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Alcor's Impending Npo Failure

Alcor's Impending Npo Failure

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Published by: advancedatheist on Jul 11, 2011
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http://chronopause.com/index.php/2011/07/11/the-armories-of-the-latter-day-laputas-part-5/July 11, 2011
The Armories of the Latter Day Laputas, Part 5 |CHRONOSPHERE
By Mike DarwinFigure 1:
Cryonics, a bridge to tomorrow, or snow choked catastrophe in the making?
Failure: What is the Really Big Risk?
What I have had to say in the four articles in this series to date has been almost exclusively failureanalysis, or put less delicately, criticism. While good criticism isn’t easy, it is unarguably a lot easier than proposing solutions, and more importantly, solutions that are at least worthy of consideration, if not demonstrably practical. The inevitable first response that occurs when a course action other thanthe one those currently (and for a long time now) in control of cryonics organizations are committedto is to say, “That’s all very and good, but we can’t
afford 
it! We are barely making ends meet now,and we constantly have to increase charges to members and beg for more money.”Thus, before considering existential risks and other positive changes in priorities in detail, I willneed to consider other more mundane, but likely much more serious risks to the failure of cryonics,some of which appear to be upon us, or nearly so, even as I write these words. Because we never undertook any serious and systematic risk analysis for failure in cryonics we now find ourselvesconfronting the most common and the most mundane risk of failure of all: organizational failure.Most new business undertakings, regardless of whether they are profit or nonprofit, tax exemptcharities or hard driven efforts to make a large financial gain, fail within the first 5-10 years of start-up. Viewed in this light, the “high” failure rate of the relatively (and absolutely) very small number of cryonics enterprises that have existed over the years is not extraordinary; it is par for the course(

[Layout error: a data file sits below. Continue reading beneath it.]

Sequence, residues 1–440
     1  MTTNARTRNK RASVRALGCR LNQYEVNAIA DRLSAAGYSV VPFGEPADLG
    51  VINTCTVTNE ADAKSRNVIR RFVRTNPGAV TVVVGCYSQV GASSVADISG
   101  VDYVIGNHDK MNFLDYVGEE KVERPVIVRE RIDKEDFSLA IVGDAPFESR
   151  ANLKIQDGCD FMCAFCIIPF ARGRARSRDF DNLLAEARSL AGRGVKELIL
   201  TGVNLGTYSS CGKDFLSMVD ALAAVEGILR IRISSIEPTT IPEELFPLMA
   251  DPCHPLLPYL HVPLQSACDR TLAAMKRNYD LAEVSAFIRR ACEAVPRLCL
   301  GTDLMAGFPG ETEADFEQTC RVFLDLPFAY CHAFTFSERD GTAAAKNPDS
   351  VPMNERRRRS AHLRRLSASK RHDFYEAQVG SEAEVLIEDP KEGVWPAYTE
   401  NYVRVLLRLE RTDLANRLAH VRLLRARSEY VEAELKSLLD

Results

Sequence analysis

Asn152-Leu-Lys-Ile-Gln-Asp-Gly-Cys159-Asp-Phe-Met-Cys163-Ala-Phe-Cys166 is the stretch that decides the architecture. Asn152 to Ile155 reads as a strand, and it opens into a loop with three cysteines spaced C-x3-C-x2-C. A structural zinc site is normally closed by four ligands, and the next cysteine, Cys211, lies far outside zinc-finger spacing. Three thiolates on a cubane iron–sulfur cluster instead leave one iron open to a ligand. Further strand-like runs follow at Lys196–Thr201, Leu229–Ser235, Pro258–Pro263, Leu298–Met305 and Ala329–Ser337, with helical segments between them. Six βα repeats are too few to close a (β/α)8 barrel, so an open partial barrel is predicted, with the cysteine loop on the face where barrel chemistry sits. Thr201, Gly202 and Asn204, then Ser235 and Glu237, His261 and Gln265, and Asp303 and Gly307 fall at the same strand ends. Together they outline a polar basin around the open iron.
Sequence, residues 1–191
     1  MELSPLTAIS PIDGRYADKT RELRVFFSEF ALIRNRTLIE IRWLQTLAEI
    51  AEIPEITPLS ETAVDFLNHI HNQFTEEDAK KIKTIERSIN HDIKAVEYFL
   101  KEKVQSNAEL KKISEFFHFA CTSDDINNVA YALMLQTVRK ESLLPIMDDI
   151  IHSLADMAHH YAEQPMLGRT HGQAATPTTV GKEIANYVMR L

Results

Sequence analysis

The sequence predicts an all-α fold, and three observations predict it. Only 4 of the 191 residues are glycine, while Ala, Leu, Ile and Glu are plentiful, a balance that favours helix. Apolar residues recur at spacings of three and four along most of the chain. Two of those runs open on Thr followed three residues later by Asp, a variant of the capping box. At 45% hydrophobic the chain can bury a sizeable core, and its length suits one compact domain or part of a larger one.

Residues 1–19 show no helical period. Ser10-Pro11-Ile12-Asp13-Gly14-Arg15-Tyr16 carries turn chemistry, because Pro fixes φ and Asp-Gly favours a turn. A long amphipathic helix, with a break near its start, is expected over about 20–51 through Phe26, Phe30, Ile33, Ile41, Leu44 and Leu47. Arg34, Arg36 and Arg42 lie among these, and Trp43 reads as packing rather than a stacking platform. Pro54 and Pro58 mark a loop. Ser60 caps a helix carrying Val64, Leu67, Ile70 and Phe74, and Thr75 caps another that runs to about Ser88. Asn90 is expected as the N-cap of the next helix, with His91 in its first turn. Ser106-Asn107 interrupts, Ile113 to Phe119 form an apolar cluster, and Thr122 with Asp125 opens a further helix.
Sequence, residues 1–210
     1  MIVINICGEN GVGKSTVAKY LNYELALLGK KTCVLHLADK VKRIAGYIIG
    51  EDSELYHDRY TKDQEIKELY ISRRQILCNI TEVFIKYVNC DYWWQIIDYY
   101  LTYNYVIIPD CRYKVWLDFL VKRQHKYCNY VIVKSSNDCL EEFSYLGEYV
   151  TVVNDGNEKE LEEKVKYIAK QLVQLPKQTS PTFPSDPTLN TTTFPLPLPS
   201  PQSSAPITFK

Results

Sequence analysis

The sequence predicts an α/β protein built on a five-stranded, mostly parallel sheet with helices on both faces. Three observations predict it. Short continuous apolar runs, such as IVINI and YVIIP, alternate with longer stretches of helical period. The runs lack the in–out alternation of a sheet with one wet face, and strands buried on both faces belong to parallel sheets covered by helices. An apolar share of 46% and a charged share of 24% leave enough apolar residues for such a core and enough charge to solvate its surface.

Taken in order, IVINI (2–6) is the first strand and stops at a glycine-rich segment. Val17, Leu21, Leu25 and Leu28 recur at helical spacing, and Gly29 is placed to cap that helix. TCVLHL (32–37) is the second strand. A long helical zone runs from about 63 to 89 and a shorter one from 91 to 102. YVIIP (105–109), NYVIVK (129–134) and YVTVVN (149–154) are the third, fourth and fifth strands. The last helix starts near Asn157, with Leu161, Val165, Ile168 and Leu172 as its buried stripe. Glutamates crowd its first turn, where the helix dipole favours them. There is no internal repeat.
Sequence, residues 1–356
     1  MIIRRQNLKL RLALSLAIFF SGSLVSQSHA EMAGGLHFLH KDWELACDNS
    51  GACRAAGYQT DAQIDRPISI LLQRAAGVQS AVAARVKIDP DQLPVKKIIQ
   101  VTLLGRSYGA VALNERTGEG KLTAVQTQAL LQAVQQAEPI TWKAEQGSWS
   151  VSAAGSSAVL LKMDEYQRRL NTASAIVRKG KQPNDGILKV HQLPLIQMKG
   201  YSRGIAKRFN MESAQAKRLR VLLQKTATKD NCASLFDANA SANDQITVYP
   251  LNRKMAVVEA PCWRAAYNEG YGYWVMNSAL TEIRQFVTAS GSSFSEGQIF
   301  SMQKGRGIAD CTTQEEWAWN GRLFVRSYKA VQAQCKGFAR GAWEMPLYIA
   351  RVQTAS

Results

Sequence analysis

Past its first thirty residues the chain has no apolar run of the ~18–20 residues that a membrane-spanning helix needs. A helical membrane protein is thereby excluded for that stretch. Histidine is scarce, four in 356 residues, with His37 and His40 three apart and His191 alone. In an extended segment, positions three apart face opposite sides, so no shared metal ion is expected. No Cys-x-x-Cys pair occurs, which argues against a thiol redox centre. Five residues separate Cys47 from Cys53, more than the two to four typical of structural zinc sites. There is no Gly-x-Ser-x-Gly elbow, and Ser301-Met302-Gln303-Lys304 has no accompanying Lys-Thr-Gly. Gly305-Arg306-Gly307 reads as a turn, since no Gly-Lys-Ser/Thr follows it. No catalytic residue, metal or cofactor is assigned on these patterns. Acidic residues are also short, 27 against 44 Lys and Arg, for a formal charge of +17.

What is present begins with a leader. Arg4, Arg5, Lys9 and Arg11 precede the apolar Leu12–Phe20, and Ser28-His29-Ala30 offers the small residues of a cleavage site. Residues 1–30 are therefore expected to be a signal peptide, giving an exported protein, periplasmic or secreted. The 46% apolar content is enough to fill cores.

Figure 2
).
 
Figure 2:
 
While it is well known that most start-up businesses fail, the uniformity of that failure isgenerally under-appreciated by members of the general public. Historically the rate of start-upfailure in the US has been in the range of 98%, however, since the 1940s this has declined to~5% of all new business enterprises.[1] 
What is assumed, often incorrectly, is that after this brief initial period of high mortality, businessesthat do survive experience a far lower failure rate. This is, in fact correct; those few enterprises thatsurvive gradually absorb the market sector and human and capital resources of the many who fail.However, as can be seen in
Figure 3
, if we “re-set” the graph at 5 years, and then follow theremaining cohort of enterprises out to the 10 year mark, the mortality rate is still quite high with only29% of businesses surviving.
Figure 3:
 
Failure rate of start-up businesses in the US over the ten year period from 1992 to2002.[2] 
There is also surprisingly little spread between business types in terms of 10 year survival as can beseen in
Fiure 4
;
 
difference between sectors is ~ 20%.The shortest survivin businesses are those